Lovelock/Meaning is introduced, via a meet-cute with Galbo, as a really obnoxious creep, (“You look like an Edna,” surely merits a slap, except that Edna is her character’s name so maybe she sees it as a compliment?) but he’s at least smart — he figures out the convoluted causes and half-life-cycle of the zombie plague in about ten minutes, whereas Detective Kennedy is still working on the belief that heroin gives you the strength of ten and can cause a woman to run mad and cave in her husband’s torso. I’m pretty sure he’s wrong there.



Grau builds on the movie science of Romero’s NIGHT OF THE LIVING DEAD and anticipates DAWN OF THE DEAD’s gory dismemberments. Like the first Romero (and unlike the sequels) the film offers a pseudo-science explanation for the dead rising, but by comparing the mishap to the recent DDT scandal, it connects more with something like SCANNERS, which tied its futuristic premise to recent real-life events (the unexpected side-effects of Thalydomide).

The ecological and anti-authority angles are clear enough, as is a gloomy portrayal of British society in general — the Old Owl Hotel is an uninviting shithole, despite the presence of an actual old owl.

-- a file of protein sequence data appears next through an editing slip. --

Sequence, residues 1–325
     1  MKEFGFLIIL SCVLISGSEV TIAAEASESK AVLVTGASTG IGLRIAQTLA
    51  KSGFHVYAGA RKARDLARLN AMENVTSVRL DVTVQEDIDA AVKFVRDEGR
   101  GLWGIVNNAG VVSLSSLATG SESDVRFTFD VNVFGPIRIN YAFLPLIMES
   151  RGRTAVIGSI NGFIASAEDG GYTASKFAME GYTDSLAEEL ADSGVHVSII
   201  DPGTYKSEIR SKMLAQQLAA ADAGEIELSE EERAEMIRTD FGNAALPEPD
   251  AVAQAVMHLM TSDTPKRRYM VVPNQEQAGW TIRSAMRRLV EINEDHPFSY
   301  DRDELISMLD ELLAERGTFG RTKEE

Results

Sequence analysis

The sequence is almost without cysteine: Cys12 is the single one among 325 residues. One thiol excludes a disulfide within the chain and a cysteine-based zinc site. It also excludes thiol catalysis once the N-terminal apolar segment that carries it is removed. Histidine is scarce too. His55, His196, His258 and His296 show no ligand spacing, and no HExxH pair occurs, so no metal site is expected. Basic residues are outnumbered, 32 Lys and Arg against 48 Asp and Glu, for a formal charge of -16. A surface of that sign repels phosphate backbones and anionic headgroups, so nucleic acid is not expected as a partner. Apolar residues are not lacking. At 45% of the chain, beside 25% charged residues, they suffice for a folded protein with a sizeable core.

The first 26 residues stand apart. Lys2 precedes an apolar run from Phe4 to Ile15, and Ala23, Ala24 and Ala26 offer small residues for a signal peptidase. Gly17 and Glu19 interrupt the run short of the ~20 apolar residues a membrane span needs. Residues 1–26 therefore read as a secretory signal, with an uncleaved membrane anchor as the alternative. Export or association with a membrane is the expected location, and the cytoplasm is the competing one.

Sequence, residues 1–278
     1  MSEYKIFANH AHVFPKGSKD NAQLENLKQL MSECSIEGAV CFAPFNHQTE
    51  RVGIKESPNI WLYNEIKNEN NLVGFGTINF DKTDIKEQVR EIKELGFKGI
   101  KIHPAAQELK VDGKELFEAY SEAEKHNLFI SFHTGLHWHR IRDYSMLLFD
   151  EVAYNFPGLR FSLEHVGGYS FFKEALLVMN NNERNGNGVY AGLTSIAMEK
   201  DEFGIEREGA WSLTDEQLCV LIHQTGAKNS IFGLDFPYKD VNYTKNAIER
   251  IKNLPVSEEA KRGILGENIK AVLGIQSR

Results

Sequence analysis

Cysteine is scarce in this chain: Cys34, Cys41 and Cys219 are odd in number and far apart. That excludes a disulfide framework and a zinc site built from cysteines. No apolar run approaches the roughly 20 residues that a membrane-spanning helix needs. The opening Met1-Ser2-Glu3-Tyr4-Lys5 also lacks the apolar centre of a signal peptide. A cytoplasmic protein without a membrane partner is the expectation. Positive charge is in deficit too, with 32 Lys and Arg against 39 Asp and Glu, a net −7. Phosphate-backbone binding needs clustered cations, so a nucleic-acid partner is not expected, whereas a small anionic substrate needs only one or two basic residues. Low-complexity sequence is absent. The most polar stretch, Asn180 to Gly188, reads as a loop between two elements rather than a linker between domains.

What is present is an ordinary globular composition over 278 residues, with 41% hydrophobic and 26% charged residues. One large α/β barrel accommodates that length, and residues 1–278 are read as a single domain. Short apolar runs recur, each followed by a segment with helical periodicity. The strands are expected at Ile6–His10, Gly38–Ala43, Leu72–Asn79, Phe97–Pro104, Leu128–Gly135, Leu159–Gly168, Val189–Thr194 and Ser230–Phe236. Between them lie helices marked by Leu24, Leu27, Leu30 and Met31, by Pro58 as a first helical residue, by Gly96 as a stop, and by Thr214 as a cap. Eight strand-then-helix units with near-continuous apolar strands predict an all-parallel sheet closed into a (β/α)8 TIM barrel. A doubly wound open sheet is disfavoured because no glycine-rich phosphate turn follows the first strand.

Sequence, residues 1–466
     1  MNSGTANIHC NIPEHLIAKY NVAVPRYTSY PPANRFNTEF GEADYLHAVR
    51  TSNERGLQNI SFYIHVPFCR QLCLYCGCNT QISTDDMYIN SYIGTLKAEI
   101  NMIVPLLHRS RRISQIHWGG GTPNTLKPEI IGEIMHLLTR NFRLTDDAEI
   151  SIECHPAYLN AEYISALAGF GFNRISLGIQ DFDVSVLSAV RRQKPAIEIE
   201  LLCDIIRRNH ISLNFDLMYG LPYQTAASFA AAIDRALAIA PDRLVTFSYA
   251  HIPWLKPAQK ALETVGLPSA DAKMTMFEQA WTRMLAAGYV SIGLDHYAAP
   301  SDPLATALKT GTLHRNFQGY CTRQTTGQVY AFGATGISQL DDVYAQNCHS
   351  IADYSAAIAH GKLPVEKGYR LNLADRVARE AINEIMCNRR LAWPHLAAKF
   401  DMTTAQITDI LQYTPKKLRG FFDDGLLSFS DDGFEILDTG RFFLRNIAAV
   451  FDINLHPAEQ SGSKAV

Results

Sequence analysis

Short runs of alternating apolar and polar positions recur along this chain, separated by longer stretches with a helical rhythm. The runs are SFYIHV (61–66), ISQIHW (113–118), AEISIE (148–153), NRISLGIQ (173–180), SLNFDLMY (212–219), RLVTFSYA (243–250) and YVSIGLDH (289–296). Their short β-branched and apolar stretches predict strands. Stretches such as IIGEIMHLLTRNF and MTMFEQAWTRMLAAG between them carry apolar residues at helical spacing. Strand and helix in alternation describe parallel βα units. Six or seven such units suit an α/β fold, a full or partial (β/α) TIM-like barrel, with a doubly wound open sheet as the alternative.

In other respects, the film’s attitudes are more elusive. Why is Meaning so mean? And why is the movie? A hotel receptionist has her breast torn off, but it seems to be done in the spirit of all’s-fair-in-love-and-zombie-apocalypse, rather than as misogynistic exploitation movie sadism. Here, and in the casual inclusion of a child with Down’s syndrome as bystander to the drama, Grau’s meaning, as well as his Meaning, is tantalizingly ambiguous.

12 Responses to “Thing I Read off the Screen in The Living Dead at the Manchester Morgue: In Search of Meaning”

  1. Jonathan Rigby Says:

    I do love this film … You’re right, George’s estuary sound is inspired – an absolute hoot. The dubber, I’m pretty sure, was Rome’s ADR king, Nick Alexander, who normally did a very recognisable, rather metallic upper-class voice. He was also responsible (as on many other films) for adapting the dialogue into English. The Manchester connection arose from the fact that the Italian producer thought ‘Manchester’ sounded creepy and mysterious. (The same reasoning may explain why there’s a Space: 1999 episode called The Rules of Luton.) Notwithstanding, Grau sneakily picked up a few shots in Sheffield for that opening sequence, as well as going to the Peak District (not the Lake District) for the other locations … Incidentally, the Spanish title, No profanar el sueño de los muertos, means Do Not Profane the Sleep of the Dead.